Knitting Peace

Making the best out of any situation

Throughout the bustling city of Laz Paz, Bolivia, a cluster of jails are tucked behind cement walls that resemble little impoverished and overcrowded neighborhoods. Inspired to help the women behind bars, Sonia Gallardo founded Knitting Peace, a social enterprise that employs incarcerated women to produce her collection of hand-knit alpaca accessories.

She began this venture after a visit to a Bolivian jail where she learned that all inmates must work in order to support themselves and their children. She discovered knitting to be an opportunity that helps empower those who are imprisoned, by having the capability to financially support themselves and their children, but also engage in an activity that calms their busy minds. Knitting Peace currently employs 15 full- time artisans who craft Sonia’s designs, including hand-knit sweaters, shawls and blankets. 
Sonia Gallardo, a Bolivian native and long time Los Angeles resident, founded Knitting Peace when she realized these women held a love for knitting, but it was also to help the almost 70 children who at the time were living in the jails with their mothers. “They simply had nowhere else to go. Knitting Peace allows them the opportunity to engage in work that they are proud of, while continuing to put food on the table for both themselves and their children. Knitting Peace works with one of the many female jails located throughout La Paz, which houses approximately 300 women and 100 children. The children really make a difference in the way the jail is run. Of course, it’s not the healthiest environment for a child, however, given the circumstances in Bolivia, I believe they are better off inside a secured facility with their mothers, rather than living outside with little guardianship,”Sonia said.
Because of the work requirement, Knitting Peace has been able to create a valuable opportunity. Sonia adds, “These women have very little access to a means of income and simply need work. The jail provides two meals a day and a place to sleep. Children under the age of six who live there receive the same. However, many have older children who are not incarcerated, who need a roof over their head, electricity, water, school supplies, food, clothing, shoes, etc. Another big expense for the prisoners are legal fees. Although they are entitled to free legal representation, they must pay for all the direct costs associated with their defense, which adds up quickly.”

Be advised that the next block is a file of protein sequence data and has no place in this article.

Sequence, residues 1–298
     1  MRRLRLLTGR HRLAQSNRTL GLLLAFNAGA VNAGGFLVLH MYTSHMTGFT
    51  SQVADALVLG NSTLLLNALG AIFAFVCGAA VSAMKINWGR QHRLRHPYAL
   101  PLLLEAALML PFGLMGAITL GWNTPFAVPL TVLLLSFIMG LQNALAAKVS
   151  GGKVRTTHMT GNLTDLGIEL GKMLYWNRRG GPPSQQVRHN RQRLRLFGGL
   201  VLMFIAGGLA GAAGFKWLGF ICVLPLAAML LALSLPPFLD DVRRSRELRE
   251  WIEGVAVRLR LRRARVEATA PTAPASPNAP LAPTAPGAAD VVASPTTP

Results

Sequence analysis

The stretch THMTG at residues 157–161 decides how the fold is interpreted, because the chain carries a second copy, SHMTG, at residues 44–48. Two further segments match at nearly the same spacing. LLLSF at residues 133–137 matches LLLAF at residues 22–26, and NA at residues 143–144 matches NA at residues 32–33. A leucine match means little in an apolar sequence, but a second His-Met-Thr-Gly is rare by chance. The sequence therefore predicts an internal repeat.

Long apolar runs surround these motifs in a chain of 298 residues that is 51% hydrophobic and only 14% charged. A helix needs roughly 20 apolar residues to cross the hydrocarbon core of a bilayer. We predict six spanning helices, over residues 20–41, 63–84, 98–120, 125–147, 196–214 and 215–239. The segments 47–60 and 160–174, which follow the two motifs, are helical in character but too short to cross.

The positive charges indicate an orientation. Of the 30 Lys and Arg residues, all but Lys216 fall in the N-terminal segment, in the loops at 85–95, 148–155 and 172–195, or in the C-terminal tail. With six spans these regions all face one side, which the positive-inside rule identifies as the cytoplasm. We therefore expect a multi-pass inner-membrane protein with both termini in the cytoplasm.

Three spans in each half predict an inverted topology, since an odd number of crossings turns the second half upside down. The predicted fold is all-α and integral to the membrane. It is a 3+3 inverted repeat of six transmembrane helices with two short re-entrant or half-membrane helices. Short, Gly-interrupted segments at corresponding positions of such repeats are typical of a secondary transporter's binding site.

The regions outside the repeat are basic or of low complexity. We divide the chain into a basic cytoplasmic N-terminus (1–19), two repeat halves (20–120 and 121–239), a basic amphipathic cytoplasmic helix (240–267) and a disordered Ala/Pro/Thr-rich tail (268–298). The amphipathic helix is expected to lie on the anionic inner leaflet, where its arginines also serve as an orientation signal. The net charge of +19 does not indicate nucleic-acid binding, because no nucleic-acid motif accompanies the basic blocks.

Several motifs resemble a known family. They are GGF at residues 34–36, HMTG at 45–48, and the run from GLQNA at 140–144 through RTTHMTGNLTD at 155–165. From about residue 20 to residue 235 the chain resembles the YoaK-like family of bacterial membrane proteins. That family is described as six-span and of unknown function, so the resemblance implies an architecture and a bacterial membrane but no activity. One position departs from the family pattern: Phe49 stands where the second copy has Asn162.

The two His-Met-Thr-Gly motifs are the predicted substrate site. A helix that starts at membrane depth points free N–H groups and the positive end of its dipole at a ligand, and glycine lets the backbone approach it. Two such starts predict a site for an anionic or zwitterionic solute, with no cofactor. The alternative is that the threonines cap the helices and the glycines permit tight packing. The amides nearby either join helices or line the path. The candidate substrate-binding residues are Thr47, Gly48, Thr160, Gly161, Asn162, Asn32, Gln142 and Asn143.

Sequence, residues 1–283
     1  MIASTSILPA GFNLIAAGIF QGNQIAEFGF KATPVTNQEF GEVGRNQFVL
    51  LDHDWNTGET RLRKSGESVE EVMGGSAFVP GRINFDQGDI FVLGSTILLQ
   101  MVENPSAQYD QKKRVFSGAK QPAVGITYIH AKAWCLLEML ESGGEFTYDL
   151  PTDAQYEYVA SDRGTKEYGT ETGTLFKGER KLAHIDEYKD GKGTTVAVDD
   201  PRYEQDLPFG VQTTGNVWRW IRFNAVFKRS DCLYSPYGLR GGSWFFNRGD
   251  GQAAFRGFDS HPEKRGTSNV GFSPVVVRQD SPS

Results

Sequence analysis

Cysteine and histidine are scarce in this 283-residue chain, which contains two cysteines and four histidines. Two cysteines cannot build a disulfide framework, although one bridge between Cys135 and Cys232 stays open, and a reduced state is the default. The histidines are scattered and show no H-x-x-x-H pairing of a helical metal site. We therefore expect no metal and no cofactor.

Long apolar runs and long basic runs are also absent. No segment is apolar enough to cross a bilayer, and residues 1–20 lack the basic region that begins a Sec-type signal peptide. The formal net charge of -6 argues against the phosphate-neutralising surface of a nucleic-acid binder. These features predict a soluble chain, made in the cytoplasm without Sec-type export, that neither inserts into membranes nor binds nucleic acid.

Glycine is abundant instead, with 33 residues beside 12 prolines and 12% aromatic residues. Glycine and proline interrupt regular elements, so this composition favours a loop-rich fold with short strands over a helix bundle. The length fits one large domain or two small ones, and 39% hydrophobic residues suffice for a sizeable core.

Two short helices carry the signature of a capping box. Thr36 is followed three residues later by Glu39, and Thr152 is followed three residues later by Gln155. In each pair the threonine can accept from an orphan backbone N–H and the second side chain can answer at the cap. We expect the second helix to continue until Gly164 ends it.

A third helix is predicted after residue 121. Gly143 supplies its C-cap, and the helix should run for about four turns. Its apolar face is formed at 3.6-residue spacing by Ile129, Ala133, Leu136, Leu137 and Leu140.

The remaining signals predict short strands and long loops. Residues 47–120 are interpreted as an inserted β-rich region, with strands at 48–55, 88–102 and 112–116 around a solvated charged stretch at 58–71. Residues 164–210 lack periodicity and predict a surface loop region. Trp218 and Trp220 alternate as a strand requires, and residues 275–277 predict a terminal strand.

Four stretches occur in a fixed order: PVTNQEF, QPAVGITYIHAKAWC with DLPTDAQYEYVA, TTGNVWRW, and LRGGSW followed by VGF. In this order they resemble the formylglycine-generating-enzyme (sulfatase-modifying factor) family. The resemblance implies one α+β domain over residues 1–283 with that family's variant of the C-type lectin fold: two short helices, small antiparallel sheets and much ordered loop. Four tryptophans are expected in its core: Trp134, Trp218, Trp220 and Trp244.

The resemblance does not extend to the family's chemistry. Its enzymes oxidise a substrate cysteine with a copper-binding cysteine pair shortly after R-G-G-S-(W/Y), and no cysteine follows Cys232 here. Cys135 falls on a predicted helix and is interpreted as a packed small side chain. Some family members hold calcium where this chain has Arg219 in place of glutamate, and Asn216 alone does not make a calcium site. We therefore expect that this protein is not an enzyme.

The reason why these women are in jail is a touchy subject. Most are incarcerated for drug trafficking. “The laws are very strict in Bolivia and if anyone is caught with more than a determined amount of drugs in their possession, then they are automatically guilty. The majority are extremely poor and cannot afford a decent lawyer, therefore they find themselves in jail for years without a settlement date.”
Sonia mentioned that most of the ladies already know how to knit, but Knitting Peace provides additional technical training. “I encourage my girls to help each other and work as a team in order to keep all of our items in the same quality range. I believe teamwork is empowering and gives space for better communication, support and encouragement. They desperately need this experience as they must learn how to live in harmony with each other — especially given the lack of privacy they encounter everyday.”
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